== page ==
QCOSTARICA – Four of the eight health areas with the least vaccination against covid-19 are in the province of Puntarenas: Barranca, Chacarita, Esparza and Quepos. The reality is more complex than a figure greater than 30% of unvaccinated people because in these areas several factors come together that scare the inhabitants away from the vaccinations.
These factors are social exclusion, poverty, fear of losing their job if they ask for permission to be vaccinated or if they have some temporary side effect. Also, the fear of the spread of fake news and even religiosity add up in the first three areas to complicate the work of vaccinators.
Brigitte Ramírez Rodríguez, a nurse from the Barranca health area, an area with 35.6% of those over 12 years of age without inoculation, indicates that the problem is not only having one of the most populous districts in the province. The economic and social situation, she says, means that people do not see vaccination as a priority.
“Vaccinators have gone house to house, to bakeries, supermarkets, educational centers, and places where most people are. They have also worked weekends until 9 pm. Every day there are about 100 users, we keep moving, slowly. Today we have some colleagues on the street in one of the most problematic places in the country to see who wants to get vaccinated,” she stressed the health professional.
“In Barranca we have a lot of unemployment, there are women heads of households who have to see to their families’ sustenance every day to be worried about a vaccine, going to be vaccinated can mean losing income. That is what we (they) face every day,” she added.
Chacarita has conditions similar to Barranca, according to Cecilia Barrantes, a nursing supervisor for the Central Pacific region of the CCSS. There, poverty, unemployment and looking to provide, keep people away from vaccination centers. In this area the advance is a little higher, but 30.8% still persists without injecting.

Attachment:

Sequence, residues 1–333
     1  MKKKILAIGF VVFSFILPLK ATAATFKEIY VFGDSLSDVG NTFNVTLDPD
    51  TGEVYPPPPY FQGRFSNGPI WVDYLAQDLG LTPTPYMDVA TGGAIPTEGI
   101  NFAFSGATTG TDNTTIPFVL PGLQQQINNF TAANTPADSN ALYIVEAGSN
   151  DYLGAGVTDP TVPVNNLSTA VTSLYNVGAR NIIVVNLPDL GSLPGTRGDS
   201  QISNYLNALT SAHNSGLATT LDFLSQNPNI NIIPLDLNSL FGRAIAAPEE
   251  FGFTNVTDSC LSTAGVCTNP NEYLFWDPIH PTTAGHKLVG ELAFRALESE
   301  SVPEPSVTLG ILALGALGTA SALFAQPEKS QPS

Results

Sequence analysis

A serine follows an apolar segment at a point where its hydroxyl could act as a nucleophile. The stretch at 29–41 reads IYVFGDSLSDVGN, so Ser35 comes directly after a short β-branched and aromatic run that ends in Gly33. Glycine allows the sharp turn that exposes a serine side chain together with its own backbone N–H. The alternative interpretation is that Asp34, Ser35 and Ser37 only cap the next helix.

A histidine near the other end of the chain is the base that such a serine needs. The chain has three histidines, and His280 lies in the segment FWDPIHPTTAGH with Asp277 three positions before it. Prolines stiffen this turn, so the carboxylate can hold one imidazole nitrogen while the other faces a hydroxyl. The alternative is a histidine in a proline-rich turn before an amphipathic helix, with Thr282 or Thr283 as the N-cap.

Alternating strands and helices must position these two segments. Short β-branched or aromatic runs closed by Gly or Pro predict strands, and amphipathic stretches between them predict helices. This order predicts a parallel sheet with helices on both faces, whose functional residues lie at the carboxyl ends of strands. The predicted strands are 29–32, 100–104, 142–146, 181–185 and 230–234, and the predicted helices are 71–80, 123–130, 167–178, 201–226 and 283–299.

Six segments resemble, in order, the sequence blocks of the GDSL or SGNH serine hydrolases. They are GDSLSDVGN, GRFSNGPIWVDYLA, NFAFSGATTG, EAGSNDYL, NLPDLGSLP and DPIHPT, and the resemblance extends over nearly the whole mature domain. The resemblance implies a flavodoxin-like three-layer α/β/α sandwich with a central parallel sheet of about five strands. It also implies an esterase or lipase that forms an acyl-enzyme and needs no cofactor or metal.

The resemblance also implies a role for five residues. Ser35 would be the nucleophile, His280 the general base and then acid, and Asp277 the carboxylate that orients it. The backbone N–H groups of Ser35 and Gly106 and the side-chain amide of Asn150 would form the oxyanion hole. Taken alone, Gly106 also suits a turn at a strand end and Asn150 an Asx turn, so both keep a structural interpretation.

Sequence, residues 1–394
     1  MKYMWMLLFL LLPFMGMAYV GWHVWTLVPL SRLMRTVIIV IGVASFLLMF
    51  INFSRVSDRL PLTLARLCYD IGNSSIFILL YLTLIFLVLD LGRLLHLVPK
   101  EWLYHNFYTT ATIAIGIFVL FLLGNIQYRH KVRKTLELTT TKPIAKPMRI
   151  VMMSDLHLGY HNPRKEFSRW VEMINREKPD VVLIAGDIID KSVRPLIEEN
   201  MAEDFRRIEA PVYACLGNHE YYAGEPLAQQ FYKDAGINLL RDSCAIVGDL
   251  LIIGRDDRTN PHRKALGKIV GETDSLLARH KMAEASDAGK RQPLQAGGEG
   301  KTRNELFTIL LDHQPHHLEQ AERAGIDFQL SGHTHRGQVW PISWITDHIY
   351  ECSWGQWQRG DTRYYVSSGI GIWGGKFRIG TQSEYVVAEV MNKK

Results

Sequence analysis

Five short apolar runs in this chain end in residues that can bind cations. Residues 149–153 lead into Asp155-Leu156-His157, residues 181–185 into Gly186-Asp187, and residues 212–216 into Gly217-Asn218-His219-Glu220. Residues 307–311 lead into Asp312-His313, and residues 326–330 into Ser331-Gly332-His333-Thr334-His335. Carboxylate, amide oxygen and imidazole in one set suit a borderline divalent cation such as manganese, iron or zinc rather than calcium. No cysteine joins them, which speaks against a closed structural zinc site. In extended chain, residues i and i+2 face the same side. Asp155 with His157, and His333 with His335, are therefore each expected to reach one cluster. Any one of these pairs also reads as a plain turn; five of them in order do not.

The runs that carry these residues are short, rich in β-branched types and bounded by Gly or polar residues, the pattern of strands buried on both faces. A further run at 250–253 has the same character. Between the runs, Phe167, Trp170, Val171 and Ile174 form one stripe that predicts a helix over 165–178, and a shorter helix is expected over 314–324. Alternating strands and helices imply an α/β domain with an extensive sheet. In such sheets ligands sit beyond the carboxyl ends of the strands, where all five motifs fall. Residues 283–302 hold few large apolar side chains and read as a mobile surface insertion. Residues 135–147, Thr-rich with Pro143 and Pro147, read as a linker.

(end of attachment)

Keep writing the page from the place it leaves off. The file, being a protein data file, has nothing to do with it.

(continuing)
“It is a population that does not reach the vaccinator. The vaccinator must go out to look for them. Both physically and virtually: walking the area, messages on Facebook, WhatsApp, on the radio, by all possible means,” she said.
Once they are convinced for the first dose, we face a bigger job getting them out for the second dose. There are those who say that with one dose they have enough and do not plan to go again, and others, due to a side effect such as fever or headache for one day, do not want to go for a second.
“For them, it is very hard. They have to take care of children, family, seniors and they have to go to work, and allocating time for two vaccines can be complicated, especially if they feel a little sick after the vaccine and cannot work half or a full day,” says Barrantes.
Added to this is the false information and fears of possible side effects from “YouTube videos and WhatsApp groups.”
In Barranca, there are no proper anti-vaccine groups, but there are groups that spread false news and content that are not scientific, but which, due to their language and form, convince many people.
“What is said on social media can convince people and discourage them from vaccinating. They speak of possible fatal risks, and this has been an enemy to reach many people, despite the different strategies,” said Barrantes.
These messages lead people to fear and mistrust healthcare professionals.
Matter of faith
From pulpits and cults there are also messages to discourage people from getting immunized. These are seen in different areas, but in Esparza, with a population less marginalized by social situation, faith does carry more weight. This is one of the reasons why 30% of the vaccinable population remains without a single dose.
“In evangelical churches, there are many leaders who tell people not to get vaccinated,” said Ramírez. “There are many people who have helped and promoted vaccination in cults, but others do the opposite,” she added.
Barrantes assures: “In Esparza, the part of the churches has been the most difficult. They are very religious people, very attached to the faith. A current entered that has caused people to flee to the vaccine”.
One of the vaccinators’ strategies is to meet with pastors and priests to raise awareness of the importance of vaccination. This has managed to convince the religious leaders of their faithful.
“There are people with whom it is possible to reason, with others, unfortunately, we have not been able to. Scary social media message wins,” stressed the nursing supervisor.